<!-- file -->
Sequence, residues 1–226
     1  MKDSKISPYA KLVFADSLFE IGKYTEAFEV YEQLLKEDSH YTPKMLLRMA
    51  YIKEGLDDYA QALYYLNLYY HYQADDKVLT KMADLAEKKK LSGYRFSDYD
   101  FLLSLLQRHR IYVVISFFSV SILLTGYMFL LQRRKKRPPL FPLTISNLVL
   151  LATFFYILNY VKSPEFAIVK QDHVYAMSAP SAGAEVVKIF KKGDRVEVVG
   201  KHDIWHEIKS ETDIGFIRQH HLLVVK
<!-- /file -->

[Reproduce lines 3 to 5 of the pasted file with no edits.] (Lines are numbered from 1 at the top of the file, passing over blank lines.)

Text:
    51  YIKEGLDDYA QALYYLNLYY HYQADDKVLT KMADLAEKKK LSGYRFSDYD
   101  FLLSLLQRHR IYVVISFFSV SILLTGYMFL LQRRKKRPPL FPLTISNLVL
   151  LATFFYILNY VKSPEFAIVK QDHVYAMSAP SAGAEVVKIF KKGDRVEVVG